William H. Winder
, a Marylander by birth, but a resident of Philadelphia
, and a brother of Brigadier General John H. Winder
, of the Southern
army, was arrested in Philadelphia
, by Federal authority, on Tuesday night, and all his correspondence and effects seized.
The Press gives the following particulars of the arrest:
The prisoner is a broker, and has been doing business at 314 Walnut street. Latterly he has occupied rooms in Ninth street, above Chestnut, and taken meals at the Washington Hotel
He has been suspected of having treasonable communication with persons in the rebel States, and the detectives have watched him constantly.
A few weeks ago he refused to take the oath of allegiance, as prescribed to the Reserve Grays
, of which he was a member, and still later was accused of receiving and transmitting information southward.
Warrants were issued simultaneously at Washington
That signed by Provost Marshal Porter
stated that the prisoner was charged with an intention to ‘"seize, take, and possess the property of the Government
of the United States
,"’ and likewise to subvert and overturn the United States Government.
Having secured Winder
's clerk, Detectives Franklin
, and Blackburn
, next proceeded to an armory of the Reserve Grays
, in Walnut street, and, quietly exhibiting their warrants, directed him to go with them to his lodgings.
He was afterwards taken a side, stripped and searched, giving up his keys, pocket-book, letters, etc. At his rooms was found a quantity of valuable deeds of properties in Washington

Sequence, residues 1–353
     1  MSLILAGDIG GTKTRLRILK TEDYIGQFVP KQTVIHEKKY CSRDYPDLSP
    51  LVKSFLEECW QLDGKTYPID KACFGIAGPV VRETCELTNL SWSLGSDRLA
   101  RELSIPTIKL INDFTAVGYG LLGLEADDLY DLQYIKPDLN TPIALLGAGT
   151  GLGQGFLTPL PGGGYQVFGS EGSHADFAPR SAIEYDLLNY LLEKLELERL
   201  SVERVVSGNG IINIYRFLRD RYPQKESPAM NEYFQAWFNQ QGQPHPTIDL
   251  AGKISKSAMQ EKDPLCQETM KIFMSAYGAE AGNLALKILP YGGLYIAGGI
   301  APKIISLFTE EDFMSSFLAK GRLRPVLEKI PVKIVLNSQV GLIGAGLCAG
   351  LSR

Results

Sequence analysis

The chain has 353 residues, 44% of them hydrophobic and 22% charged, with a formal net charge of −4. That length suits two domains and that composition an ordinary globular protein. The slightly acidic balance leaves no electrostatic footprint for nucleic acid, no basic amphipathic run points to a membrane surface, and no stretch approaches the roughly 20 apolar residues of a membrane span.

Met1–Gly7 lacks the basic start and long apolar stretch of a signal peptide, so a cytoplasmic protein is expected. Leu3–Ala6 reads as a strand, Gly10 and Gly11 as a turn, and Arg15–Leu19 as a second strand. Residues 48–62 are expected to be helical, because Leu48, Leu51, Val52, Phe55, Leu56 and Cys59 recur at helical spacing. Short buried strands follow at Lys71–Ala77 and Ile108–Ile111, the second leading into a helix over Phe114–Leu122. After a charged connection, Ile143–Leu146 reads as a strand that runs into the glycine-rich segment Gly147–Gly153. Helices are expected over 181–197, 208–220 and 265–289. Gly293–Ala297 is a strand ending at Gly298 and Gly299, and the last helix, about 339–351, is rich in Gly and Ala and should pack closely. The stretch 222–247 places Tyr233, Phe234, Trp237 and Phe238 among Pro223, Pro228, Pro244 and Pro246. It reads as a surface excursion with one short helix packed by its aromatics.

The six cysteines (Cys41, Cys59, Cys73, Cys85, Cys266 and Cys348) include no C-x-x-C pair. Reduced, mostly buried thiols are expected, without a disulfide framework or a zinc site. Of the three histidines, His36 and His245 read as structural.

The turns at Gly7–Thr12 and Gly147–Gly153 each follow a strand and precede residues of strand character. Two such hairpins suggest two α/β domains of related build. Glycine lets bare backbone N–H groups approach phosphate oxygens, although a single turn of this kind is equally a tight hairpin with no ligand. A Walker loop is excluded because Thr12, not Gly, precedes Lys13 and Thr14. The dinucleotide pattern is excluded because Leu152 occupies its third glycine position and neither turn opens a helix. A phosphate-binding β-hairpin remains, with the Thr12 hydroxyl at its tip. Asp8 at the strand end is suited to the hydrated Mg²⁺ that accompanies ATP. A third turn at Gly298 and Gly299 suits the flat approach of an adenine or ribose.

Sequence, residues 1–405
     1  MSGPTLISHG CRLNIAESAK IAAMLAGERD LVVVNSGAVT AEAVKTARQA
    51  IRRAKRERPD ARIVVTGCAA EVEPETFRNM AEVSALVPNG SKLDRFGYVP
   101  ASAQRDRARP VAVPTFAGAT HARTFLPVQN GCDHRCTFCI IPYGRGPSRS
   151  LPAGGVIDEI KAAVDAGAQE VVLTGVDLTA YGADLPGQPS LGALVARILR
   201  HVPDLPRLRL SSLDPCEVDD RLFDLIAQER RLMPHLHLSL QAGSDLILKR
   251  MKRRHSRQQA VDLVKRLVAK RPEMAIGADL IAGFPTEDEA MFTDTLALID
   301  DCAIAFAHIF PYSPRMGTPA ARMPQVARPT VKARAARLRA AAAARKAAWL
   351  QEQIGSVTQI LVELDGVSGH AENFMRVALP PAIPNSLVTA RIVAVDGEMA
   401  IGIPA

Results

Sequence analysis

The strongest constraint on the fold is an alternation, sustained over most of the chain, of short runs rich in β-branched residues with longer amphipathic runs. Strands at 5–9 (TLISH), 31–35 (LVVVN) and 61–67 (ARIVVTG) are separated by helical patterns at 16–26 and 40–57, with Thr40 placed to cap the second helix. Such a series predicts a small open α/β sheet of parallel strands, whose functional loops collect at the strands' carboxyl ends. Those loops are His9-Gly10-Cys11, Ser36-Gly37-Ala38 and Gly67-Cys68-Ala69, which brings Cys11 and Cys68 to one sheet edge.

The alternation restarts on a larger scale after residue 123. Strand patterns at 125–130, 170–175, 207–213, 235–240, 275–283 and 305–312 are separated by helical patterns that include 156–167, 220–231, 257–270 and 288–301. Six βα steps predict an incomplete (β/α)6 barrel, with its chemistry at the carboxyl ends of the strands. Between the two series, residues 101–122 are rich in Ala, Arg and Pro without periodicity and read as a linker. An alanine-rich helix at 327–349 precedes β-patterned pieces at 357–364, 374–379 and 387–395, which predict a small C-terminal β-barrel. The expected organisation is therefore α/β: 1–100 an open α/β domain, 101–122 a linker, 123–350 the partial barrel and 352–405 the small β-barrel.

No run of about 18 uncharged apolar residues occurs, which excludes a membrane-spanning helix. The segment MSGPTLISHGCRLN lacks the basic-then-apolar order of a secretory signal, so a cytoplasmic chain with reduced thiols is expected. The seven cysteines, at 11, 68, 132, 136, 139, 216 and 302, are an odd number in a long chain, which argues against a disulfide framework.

, and Philadelphia
, letters from a brother (Chas. H. Winder
) residing in Washington
, and from the Brigadier Winder
, of a more Southern latitude.
Among the curiosities of the place were the sword of Gen. W. H. Winder
, of the war of 1812, and a lot of historical relics and letters.
Some of the letters, it is said, reveal the way of thinking in the South
, prior to Mr. Lincoln
's election, showing conclusively a foregone intention to disrupt the Union
.--Others detail fragments of conversation to which James Buchanan
was a party, and exhibit a general looseness of sentiment in the presence of that functionary which might, at this time, be construed into treason.
We believe, however, that none of the documents directly inculpate Winder
; because, although most of them are filled with treason, they cannot be proved to have been written by the prisoner.
He was, however, the Philadelphia
correspondent of the New York Daily News, as copies of his letters were found pasted carefully in blanks, with notes and interpolations.
was the owner of the ‘"Winder Buildings,"’ in Washington city
, now occupied as the Pension Bureau.
He is presumed to be wealthy, and has manifested a prudent guise since his arrest.
He is a small man, wearing dark glasses and a military cap, apparently forty-five years of age. The District Attorney
is overhauling his papers and collecting evidence.
is connected with one of the oldest and best families of Maryland
, one or two of his relatives having been Governors
of that State.
His father, bearing the same name with the prisoner, commanded the American
troops at the rout of Bladensburg
, and was accused of cowardice when the capital was captured and desolated by Cockburn
He died in 1824, and was honored with an immense funeral pageant.
Brigadier General John H. Winder
, the prisoner's brother, resigned from the United States army some months ago, and joined the Confederates
He graduated at West Point
in 1820, in the same class with A. J. Donelson
, D. D. Tompkins
, and Joshua Barney
He was promoted from rank to rank, at one time resigning, and at another detailed as assistant professor of infantry tactics at West Point
He was breveted Major
in 1847, for gallant and meritorious conduct at the battles of Contreras
At the time of his resignation he was Brevet Colonel
says the brother of Mr.
W. is the owner of the ‘"Winder Building,"’ in Washington
, and that the Government
pays a rent of $25,000 per annum for it.